Who do comic-book people call when they need some damage control?
Superhero fiction is a fast-growing sub-genre of speculative fiction. Why do I call it a sub-genre? Because it doesn’t fit easily into sci-fi, fantasy, or horror. While some heroes could easily be classified as science fiction (think Spider-Man and Silk, who were bitten by a radioactive spider, or Superman and Martian Manhunter, who are aliens) others have powers of a more magical, fantastic bent (think Doctor Strange, or any of the number of heroes whose origins are based in religious mythology–Thor, Etrigan the Demon, Wonder Woman, etc). There are also heroes like Black Widow and Batman, who, while more physically fit and more intelligent than the average human, don’t have any “super human” abilities, whether scientific or magical in nature. And while heroes like the Guardians of the Galaxy zip around outer space in true space-opera fashion, many–like Captain America and Captain Marvel–live in a world that’s very like our own real world. One could almost call it urban fantasy, except it’s more like “urban sci-fi” in their case…
The speculative fiction mash-up that is the superhero sub-genre has long ruled Western comics. Superhero movies and TV shows aren’t “new,” and neither are tie-in novels based on superhero comics and their associated movies.
What’s “new” is the way that the superhero sub-genre has gone mainstream. Movies like Captain America: Civil War and TV shows like “Jessica Jones” aren’t just for kids, teens, and comics nerds. (And movies like Deadpool are definitely not for kids!) The appeal of superheroes has become much broader. And, with that appeal, people with “powers” (whether or not they’re traditionally “heroes”) are appearing more often in places outside comics–places like novels, short stories, and anthologies.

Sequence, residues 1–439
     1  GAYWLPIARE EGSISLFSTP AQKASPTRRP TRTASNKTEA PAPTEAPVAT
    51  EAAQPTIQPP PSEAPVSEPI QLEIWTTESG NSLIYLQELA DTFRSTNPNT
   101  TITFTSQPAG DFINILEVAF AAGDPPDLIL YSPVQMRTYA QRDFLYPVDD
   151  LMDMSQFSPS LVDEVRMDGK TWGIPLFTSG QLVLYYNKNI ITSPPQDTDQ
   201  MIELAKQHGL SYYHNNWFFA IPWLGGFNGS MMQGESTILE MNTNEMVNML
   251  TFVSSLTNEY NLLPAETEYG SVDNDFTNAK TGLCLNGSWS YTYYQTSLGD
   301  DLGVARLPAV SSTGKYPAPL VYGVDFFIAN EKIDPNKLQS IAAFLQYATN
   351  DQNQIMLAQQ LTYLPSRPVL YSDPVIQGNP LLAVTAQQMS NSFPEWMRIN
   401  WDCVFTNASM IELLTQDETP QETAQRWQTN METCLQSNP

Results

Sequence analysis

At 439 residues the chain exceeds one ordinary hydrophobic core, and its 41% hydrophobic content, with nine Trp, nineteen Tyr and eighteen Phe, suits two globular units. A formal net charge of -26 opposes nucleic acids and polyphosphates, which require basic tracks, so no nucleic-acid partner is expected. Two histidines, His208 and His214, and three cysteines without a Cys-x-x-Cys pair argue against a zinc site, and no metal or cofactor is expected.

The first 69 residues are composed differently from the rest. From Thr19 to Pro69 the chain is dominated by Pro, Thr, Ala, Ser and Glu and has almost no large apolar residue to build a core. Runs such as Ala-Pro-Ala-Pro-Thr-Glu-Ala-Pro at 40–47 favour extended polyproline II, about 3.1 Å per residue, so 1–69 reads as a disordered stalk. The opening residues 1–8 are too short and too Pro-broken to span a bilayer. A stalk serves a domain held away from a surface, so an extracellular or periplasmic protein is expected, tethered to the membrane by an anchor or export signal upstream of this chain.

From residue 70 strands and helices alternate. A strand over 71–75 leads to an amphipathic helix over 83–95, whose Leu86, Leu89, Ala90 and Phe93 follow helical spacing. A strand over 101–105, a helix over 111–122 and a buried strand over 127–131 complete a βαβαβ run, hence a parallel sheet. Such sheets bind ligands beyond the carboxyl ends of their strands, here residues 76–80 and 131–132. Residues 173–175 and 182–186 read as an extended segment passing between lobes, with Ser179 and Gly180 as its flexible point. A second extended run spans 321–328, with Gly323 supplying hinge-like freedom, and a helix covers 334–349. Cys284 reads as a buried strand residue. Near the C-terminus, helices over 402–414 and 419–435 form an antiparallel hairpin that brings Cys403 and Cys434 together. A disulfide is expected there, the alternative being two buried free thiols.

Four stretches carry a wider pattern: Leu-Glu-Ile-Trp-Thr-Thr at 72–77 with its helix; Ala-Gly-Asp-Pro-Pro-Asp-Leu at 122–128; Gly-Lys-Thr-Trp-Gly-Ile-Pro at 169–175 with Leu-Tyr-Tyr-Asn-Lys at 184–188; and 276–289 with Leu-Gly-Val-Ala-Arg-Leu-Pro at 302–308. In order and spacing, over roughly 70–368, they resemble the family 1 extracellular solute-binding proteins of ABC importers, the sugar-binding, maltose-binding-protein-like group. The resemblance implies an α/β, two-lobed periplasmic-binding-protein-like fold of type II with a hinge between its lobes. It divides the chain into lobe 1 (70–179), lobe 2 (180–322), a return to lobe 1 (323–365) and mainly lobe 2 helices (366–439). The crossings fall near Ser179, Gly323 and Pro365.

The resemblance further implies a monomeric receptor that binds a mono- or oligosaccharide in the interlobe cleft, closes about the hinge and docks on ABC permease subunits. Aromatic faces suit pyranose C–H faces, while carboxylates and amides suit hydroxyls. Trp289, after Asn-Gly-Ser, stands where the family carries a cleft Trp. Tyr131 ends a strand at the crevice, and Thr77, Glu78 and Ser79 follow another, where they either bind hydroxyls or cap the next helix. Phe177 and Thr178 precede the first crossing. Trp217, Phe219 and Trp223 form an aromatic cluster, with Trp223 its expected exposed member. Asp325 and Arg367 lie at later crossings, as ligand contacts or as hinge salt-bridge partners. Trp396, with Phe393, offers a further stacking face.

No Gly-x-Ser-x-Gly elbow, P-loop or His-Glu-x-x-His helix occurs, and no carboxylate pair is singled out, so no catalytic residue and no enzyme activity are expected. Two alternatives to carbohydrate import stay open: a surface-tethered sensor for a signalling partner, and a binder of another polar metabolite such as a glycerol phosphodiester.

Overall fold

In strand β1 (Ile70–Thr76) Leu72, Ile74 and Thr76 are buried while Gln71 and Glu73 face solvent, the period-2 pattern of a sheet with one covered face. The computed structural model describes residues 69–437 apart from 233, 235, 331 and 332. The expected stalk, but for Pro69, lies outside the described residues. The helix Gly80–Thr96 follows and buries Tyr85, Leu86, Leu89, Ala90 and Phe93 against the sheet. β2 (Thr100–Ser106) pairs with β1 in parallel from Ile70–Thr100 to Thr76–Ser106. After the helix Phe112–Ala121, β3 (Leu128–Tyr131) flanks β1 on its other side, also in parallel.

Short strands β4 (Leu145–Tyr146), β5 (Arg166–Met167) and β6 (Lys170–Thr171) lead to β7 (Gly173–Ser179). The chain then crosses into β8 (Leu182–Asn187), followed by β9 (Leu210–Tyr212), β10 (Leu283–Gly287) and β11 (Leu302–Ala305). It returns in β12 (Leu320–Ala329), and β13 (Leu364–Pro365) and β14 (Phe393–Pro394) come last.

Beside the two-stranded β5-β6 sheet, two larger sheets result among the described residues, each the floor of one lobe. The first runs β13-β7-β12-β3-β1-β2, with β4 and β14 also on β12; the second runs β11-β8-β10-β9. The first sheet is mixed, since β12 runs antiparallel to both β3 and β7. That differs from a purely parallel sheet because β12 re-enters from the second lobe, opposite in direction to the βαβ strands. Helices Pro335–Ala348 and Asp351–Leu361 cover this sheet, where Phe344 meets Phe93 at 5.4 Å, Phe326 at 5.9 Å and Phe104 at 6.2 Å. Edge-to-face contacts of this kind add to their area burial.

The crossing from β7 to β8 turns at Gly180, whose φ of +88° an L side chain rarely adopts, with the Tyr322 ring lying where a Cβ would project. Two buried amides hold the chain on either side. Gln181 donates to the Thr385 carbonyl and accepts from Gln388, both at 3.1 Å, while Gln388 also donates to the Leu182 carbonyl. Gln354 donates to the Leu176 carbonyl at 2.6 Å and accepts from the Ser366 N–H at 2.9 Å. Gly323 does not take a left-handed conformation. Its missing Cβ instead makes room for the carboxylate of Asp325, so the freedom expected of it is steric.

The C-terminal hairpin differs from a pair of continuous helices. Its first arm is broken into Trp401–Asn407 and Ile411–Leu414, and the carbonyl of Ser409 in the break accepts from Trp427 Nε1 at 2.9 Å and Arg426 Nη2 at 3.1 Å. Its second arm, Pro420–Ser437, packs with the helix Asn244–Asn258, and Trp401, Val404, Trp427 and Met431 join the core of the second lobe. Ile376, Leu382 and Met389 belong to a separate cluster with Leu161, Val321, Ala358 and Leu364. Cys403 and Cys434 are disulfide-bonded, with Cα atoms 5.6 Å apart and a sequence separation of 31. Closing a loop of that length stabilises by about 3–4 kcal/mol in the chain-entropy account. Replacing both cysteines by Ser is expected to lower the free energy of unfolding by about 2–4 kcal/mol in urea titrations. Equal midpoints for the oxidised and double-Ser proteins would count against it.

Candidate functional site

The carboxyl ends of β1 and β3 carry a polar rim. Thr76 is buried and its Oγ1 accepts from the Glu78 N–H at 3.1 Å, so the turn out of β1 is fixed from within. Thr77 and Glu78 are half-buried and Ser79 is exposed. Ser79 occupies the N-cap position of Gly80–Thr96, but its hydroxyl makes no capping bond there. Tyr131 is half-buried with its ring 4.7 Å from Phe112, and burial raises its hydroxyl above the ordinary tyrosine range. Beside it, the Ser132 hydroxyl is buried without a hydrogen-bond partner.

Tesseracts, the long-running Canadian speculative fiction anthology, celebrates superheroes this year in its 19th anthology. Superhero Universe stars superheros of all sorts, from their pulpy beginnings to their future possibilities!
My contribution to this anthology, “The Island Way,” is my first co-authored story. I had recently finished writing a rather dark, gritty story and deeply wanted a change of pace. I imagined my husband’s grandparents–Prince Edward Islanders, both–wondering “who wanted to spend all day running around in their underpants,” and a story idea was born. A character who was both Islander and superhero, caught between moving to the mainland in search of success as part of a nation-wide team, or remaining unknown and underemployed on her Island.
The story was co-authored because, well, I’m a mainlander. I wanted to make sure I captured an Islander’s voice and mannerisms in an authentic way, and so I enlisted my husband (who’s more of a hobby writer) to help me out. “The Island Way” by Mary Pletsch & Dylan Blacquiere is one of twenty-five superhero-themed stories and poems in Tesseracts 19: Superhero Universe.
Take home your own Superhero Universe today in paperback or on Kindle.